|                                                               |
      +-+-+-+-+-+-+-+-+-+-+-+-+-+-+-+-+-+-+-+-+-+-+-+-+-+-+-+-+-+-+-+-+

      T = type bit, 1 indicates that both VID and DA MAC address is
      used, 0 indicates that only VID is used.

      M = merge bit, 1 indicates that merging is allowed, 0 indicates
      that merging is not allowed.

      L = learning bit, if the learning bit is set to 1 this indicates
      that GELS control plane is used to set up a standard IEEE802.1Q
      VLAN, i.e. learning, ageing, broadcast and a Multiple Spanning
      Tree Protocol (MSTP) will be turned on (L=1) or turned of (L=0).

      bit 0 to 28 are reserved, and has to be set to 0 when sending and
      ignored when received.

3.4.  Suggested Label Object

   The suggested label object is optional and carried in the PATH
   message.  The format of the suggest label is identical to the format
   of the Generalized Label object.

   The information in the Suggested Label in combination with the flags
   in the LSP_TUNNEL_ETH C-type is interpreted as follows:

      If the ingress node specifies a VID in the suggested label this is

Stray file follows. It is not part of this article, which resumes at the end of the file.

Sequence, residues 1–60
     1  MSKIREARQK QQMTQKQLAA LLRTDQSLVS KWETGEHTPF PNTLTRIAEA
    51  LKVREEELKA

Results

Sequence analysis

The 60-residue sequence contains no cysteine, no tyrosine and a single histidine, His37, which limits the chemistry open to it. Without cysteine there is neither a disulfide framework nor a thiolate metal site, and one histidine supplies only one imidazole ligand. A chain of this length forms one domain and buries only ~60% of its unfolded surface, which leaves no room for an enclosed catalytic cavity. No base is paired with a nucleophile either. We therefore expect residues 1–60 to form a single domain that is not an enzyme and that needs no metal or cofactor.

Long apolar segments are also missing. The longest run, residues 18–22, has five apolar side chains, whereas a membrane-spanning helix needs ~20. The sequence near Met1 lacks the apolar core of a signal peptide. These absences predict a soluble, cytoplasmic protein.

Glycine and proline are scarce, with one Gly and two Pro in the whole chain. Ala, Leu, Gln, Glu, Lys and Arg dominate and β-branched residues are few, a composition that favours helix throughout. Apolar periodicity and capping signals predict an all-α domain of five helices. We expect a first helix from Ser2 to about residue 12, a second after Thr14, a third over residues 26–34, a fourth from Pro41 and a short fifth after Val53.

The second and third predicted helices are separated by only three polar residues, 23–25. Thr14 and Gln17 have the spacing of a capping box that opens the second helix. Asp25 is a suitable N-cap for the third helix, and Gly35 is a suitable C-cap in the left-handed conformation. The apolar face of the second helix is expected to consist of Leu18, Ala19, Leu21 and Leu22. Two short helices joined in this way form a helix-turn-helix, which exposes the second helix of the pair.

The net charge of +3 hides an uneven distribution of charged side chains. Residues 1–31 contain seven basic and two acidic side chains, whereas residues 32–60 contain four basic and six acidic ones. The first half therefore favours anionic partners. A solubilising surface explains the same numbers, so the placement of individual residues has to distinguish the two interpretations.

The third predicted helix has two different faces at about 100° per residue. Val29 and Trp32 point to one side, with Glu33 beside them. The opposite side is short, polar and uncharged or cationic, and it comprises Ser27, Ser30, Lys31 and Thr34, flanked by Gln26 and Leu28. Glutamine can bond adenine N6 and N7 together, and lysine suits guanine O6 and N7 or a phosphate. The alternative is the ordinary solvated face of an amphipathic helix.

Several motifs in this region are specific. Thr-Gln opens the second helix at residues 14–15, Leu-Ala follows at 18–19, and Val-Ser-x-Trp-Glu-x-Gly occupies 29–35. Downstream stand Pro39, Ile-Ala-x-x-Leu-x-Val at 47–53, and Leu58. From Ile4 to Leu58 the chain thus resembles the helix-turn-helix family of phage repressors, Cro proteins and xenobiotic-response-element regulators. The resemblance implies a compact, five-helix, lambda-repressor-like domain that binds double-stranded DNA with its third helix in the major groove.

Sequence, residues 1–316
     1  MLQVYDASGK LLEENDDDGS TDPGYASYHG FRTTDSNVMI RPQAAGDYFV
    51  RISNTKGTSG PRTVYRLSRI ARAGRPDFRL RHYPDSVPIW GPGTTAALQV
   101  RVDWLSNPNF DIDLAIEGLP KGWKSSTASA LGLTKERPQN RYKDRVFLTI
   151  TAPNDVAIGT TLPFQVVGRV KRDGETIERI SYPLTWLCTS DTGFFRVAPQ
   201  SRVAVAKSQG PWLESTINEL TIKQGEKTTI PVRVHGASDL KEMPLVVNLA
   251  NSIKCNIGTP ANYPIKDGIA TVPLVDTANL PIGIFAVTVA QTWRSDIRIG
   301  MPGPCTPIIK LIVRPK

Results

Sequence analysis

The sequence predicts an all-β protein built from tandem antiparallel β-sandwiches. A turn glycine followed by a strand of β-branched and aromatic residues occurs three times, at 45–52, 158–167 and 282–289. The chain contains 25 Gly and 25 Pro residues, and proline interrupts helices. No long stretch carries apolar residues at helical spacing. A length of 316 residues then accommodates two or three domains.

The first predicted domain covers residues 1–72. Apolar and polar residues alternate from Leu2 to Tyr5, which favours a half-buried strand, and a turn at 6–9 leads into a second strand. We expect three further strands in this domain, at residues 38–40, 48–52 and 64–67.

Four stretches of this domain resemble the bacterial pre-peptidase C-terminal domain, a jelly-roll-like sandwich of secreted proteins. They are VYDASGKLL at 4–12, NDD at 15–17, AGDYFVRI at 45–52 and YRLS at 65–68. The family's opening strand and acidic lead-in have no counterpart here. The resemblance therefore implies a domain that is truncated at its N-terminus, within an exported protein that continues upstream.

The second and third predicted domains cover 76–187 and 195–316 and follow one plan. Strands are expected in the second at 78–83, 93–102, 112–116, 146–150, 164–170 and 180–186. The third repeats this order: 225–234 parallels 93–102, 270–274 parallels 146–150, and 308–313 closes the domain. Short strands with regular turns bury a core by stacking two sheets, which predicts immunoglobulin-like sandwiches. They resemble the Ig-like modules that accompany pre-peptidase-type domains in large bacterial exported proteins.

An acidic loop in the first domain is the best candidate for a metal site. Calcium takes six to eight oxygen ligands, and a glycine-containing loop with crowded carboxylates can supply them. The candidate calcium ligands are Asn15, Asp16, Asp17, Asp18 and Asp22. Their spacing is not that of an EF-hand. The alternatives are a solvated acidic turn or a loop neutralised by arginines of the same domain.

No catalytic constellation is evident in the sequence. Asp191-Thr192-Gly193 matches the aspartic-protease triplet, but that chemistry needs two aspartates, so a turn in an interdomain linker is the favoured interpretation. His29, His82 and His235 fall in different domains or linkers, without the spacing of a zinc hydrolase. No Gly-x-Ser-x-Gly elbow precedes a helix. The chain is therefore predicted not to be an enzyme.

the VID to be used.  If the VID field is set to all zeroes, this
      is an indication that no VID is specified.

      The DA MAC Address field should always be set to all zeroes by the
      ingress LSR in a Suggested Label object, and the field SHALL
      always be ignored when received.



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4.  Procedures

   When sending a PATH message the ingress LSR may include a Suggested
   Label object and/or a Session Atribute Object (C-num = 12).  The
   information in the Suggested Label object and/or Session Attribute
   Object will be used by the nodes to determine the type of LSP
   requested.

   If the ingress LSR does not include a Suggested Label object or a
   Serssion Attribute object in the PATH message, the egress LSR or
   merge LSR will treat it as if it were a request for an merge capable
   LSP with a label consisting of both a VID and a DA MAC address.

   When an intermediate LSR receives a PATH message with a Suggested
   Label object and/or a Session Attribute objcet it MUST forward these
   objects unchanged, unless it is able to merge on to an existing LSP.